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Ground Controller Lvl 1
Message 1 of 4

How to make a python code run faster? - Said Bolluk

I am a structural engineer and trying to plot a moment-curvature interaction diagram via python. There, in the code, are so much iteration required. I am aware that Matlab is one of the best platforms in terms of scientific calculations and iterations. However, I want to learn the essentials of python while using my profession. I will briefly explain the code.

 

There are couple forces acting on the section; compression and tension. Compression forces are due to the concrete layer and the upper steel layer while the tensions are caused by the lower steel layers. The c is the neutral axis where these forces equal the sum of external forces which is also the axial force acting on the member. For the first case, it assumed that the total axial load (N) acting on the member is equal to zero. This will result that the sum of all compression and the tension forces must be zero. This could be achieved by manipulating the neutral axis depth, c. As the sum of forces closes to the intended value N=0, the related c value will determine all the values. Is there any problem that can be fixed in this code? Is it possible to make the code run faster? I will attach the code below, thank you.

def moment_curvature():
    import numpy as np
    import matplotlib.pyplot as plt
    c_list = []
    M_list = []
    K_list = []
    strain = np.linspace(0, 0.0038, 10)
    for i in range(len(strain)):
        ec_i = strain[i]
        c_list.append(axis_depth(ec_i)[0])
        M_list.append(axis_depth(ec_i)[1])
        K_list.append(axis_depth(ec_i)[2])
    plt.plot(K_list, M_list)
    plt.xlabel('K (1/mm)')
    plt.ylabel('M (kN.m)')
    plt.show()
#######
def axis_depth(ec_i):
    import numpy as np
    ###
    h = 1000
    bw = 500
    fc = 40
    #fcd = fc / 1.5
    fs = 420
    fyd = fs / 1.15
    Es = 200000
    ecu = 0.0038
    e0 = 0.002
    ######
    neutral_axis = np.linspace(1, h, h*100)
    for k in range(len(neutral_axis)):
        c = neutral_axis[k]
        ### concrete layers
        sections = 100
        delta = c / sections
        area = delta * bw
        ### first layer of concrete: y_1, ec_1, fc_1, Fc_1
        y_1 = delta / 2
        ec_1 = ec_i * (1 - (y_1 / c))
        if ec_1 <= e0:
            fc_1 = fc * ((2 * ec_1 / e0)-(ec_1 / e0) ** 2)
        elif e0 < ec_1 <= ecu:
            fc_1 = fc * (1 - 0.15 * ((ec_1 - e0) / (ecu - e0 ))) 
        Fc_1 = fc_1 * area * 1e-3
        moment_arm = (h / 2) - y_1
        moment_1 = Fc_1 * moment_arm * 1e-3
        ###
        concrete_force = Fc_1
        concrete_moment = moment_1
        y = delta / 2
        for i in range(sections - 1):
            y += delta
            ec_layer = ec_i * (1 - (y / c))
            fc_layer = concrete_strain(ec_layer, e0, ecu, fc)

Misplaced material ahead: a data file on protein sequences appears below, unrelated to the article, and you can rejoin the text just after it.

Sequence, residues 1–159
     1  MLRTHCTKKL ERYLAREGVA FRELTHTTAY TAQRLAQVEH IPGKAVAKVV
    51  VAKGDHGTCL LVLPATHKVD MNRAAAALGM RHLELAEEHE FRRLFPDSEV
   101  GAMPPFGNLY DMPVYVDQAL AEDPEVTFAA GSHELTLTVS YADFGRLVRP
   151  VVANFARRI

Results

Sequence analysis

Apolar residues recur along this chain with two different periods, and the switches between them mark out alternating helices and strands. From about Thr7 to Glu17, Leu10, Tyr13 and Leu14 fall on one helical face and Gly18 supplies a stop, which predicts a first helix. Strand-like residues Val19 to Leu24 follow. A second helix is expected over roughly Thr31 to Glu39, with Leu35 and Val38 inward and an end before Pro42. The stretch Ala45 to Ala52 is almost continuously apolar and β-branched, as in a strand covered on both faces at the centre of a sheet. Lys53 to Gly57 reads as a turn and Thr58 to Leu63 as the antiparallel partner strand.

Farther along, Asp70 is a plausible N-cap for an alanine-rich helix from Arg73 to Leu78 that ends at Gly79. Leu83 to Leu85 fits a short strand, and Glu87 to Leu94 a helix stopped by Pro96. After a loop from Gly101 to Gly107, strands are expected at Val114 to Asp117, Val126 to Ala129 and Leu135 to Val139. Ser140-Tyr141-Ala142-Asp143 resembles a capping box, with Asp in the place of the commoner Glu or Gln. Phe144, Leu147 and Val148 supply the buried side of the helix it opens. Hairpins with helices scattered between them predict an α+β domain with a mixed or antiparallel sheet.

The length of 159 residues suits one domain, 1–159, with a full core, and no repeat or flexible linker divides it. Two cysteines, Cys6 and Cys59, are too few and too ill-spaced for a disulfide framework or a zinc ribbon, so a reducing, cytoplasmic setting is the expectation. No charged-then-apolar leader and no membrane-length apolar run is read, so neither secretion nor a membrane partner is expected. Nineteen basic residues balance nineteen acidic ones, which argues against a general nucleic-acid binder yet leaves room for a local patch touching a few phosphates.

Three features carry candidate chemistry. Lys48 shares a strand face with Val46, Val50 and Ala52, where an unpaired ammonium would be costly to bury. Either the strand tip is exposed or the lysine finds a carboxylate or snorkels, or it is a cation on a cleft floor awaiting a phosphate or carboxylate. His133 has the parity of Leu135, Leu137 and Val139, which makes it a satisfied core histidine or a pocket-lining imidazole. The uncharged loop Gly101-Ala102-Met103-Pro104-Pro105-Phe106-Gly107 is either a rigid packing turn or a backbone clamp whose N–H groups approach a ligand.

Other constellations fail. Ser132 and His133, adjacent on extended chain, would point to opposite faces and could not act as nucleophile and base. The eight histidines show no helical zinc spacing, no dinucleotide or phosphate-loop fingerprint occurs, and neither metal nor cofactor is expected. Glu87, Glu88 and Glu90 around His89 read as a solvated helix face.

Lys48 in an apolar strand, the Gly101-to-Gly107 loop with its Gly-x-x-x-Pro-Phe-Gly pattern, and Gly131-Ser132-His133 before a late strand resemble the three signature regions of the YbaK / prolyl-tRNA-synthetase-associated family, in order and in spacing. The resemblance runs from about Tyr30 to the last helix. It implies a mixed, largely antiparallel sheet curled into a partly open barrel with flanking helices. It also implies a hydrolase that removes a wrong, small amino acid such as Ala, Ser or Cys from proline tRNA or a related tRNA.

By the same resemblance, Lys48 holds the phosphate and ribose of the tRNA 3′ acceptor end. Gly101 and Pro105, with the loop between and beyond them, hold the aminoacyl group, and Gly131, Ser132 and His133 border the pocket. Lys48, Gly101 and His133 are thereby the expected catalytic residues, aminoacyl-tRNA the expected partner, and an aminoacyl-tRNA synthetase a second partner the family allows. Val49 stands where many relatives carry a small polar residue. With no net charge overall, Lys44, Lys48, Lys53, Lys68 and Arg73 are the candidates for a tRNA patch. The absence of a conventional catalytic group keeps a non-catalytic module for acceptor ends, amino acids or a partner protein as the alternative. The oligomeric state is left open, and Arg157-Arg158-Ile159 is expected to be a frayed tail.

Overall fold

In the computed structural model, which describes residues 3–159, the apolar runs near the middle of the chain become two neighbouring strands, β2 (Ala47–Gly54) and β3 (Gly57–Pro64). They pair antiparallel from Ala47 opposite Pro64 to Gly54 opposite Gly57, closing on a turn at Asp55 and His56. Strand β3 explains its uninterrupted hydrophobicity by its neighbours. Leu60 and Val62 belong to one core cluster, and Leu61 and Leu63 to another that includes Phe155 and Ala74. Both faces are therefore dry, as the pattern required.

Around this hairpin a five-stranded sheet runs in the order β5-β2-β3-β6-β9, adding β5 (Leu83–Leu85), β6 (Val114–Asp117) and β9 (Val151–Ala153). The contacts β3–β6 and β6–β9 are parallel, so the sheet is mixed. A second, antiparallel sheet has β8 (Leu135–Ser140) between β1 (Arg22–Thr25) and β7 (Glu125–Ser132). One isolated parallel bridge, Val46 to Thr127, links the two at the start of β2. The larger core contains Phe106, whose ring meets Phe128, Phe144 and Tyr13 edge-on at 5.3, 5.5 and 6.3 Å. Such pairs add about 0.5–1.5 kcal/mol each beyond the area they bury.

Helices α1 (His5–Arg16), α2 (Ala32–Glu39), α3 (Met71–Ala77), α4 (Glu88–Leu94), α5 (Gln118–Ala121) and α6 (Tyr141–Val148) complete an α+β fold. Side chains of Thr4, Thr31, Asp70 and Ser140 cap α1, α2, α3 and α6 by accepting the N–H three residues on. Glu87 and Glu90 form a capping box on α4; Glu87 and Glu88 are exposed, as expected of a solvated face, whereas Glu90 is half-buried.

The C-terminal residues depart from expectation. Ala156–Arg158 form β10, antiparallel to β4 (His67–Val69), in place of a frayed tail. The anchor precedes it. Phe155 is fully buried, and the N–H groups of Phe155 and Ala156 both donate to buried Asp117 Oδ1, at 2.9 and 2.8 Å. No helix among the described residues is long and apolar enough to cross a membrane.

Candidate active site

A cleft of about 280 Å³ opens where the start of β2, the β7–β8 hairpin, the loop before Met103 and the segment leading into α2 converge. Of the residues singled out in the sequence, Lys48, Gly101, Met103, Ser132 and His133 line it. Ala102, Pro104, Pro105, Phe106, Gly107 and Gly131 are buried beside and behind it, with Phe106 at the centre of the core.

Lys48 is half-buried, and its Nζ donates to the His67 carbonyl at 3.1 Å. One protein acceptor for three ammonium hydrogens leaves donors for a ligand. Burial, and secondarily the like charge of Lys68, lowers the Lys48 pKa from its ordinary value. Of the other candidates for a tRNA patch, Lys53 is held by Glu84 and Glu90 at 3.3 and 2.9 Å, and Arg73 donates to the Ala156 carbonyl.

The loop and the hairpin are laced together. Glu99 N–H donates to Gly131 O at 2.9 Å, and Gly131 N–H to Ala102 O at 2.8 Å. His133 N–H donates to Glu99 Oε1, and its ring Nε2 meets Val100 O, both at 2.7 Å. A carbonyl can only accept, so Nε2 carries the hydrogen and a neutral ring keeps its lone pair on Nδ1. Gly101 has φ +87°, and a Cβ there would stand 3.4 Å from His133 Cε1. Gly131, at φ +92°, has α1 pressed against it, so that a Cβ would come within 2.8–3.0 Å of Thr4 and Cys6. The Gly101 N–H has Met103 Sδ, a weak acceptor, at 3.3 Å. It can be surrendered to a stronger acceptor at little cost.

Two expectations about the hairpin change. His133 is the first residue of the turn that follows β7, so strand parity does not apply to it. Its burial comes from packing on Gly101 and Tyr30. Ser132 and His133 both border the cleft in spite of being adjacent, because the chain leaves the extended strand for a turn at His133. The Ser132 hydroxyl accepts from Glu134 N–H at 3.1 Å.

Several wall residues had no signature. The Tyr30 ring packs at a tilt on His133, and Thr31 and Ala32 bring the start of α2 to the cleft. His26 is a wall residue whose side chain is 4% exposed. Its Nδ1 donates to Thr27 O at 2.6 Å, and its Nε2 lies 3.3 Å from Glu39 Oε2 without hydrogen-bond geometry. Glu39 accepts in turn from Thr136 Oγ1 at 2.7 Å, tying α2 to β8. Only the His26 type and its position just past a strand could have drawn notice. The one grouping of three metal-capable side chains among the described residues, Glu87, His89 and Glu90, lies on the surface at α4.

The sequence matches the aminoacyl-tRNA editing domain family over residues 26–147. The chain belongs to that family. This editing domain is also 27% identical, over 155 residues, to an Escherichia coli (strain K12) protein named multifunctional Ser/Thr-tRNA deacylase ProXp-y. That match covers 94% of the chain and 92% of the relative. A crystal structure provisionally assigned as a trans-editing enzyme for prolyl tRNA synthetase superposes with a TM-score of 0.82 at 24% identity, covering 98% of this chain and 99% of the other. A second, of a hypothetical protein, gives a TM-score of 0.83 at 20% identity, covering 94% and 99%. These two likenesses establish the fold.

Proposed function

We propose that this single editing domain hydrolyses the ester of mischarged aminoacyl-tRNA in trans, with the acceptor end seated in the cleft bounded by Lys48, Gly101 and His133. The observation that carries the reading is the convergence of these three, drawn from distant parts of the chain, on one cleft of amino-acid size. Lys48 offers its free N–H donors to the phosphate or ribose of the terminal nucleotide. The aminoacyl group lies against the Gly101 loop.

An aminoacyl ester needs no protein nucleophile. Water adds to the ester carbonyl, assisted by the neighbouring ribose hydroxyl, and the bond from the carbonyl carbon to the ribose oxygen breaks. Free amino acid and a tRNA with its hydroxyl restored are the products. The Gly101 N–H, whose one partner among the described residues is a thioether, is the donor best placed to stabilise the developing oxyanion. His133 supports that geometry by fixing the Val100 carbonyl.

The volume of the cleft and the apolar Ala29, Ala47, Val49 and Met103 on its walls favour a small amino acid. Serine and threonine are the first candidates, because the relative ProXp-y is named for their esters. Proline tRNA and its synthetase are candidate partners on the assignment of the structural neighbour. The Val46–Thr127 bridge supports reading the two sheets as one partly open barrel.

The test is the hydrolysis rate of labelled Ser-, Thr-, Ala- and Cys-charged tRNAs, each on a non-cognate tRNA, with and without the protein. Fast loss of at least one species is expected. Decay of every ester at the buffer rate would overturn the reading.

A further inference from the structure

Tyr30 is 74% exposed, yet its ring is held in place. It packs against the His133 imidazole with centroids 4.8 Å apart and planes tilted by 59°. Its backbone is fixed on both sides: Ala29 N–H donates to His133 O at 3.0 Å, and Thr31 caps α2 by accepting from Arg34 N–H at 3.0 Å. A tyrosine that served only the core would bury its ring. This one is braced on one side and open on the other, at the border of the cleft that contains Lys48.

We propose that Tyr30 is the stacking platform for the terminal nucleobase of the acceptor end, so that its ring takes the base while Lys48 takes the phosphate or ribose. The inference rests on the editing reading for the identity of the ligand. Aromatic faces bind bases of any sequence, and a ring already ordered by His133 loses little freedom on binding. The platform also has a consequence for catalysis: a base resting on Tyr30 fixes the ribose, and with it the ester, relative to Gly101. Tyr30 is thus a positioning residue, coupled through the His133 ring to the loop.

Fc_layer = fc_layer * area * 1e-3
            concrete_force += Fc_layer
            moment_arm = (h / 2) - y
            moment_layer = Fc_layer * moment_arm * 1e-3 
            concrete_moment += moment_layer
        ### steel reinforcement properties: area, h_s, d_s, y_s
        steel_area = [1256.64, 628.32, 1256.64]
        #h_s = [50, 70, 950]
        d_s = [950, 930, 50]
        y_s = [-450, -430, 450]
        es_1 = ec_i * (1 - (d_s[0] / c))
        es_2 = ec_i * (1 - (d_s[1] / c))
        es_3 = ec_i * (1 - (d_s[2] / c))
        steel_stress = [es_1 * Es, es_2 * Es, es_3 * Es]
        steel_force = 0
        steel_moment = 0
        for j in range(len(steel_stress)):
            if steel_stress[j] >= 0:
                if abs(steel_stress[j]) >= fyd:
                    steel_stress[j] = fyd
            else:
                if abs(steel_stress[j]) >= fyd:
                    steel_stress[j] = -fyd
            steel_f = (steel_stress[j] * steel_area[j] * 1e-3) 
            steel_force += steel_f
            steel_moment += (steel_f * y_s[j] * 1e-3)
        ###
        N = 0
        total_force = concrete_force + steel_force
        total_moment = steel_moment + concrete_moment
        curvature = ec_i / c
        if (N - 0.1) < total_force < (N + 0.1):
            break
    return [c, total_moment, curvature]
        
######
def concrete_strain(ec_layer, e0, ecu, fc):
    if ec_layer <= e0:
        fc_layer = fc * ((2 * ec_layer / e0) - (ec_layer / e0) ** 2)
    elif e0 < ec_layer <= ecu:
        fc_layer = fc * (1 - 0.15 * ((ec_layer - e0) / (ecu - e0 ))) 
    return fc_layer
######
moment_curvature()




concrete_strees_strain.png

 

 

 

3 Replies
Highlighted
Commander Lvl 1
Message 2 of 4

Re: How to make a python code run faster? - Said Bolluk

Hey! As a first step, I suggest doing a profile of your code to better understand where things are taking a long time: https://docs.python.org/2/library/profile.html

Highlighted
Commander Lvl 2
Message 3 of 4

Re: How to make a python code run faster? - Said Bolluk

First step is always to try to improve the algorithm. Can the algorithm / steps be simplified to reduce calculations, eliminate work, etc.

 

Once the algorithm is optimized, next is to write in a faster language, C or assembly.

 

Please follow-up to let us know how you made out. For good karma, mark a reply as the answer if it helped!

Commander Lvl 1
Message 4 of 4

Re: How to make a python code run faster? - Said Bolluk

If you’re looking for a language that’s close to python but faster, check out Julia!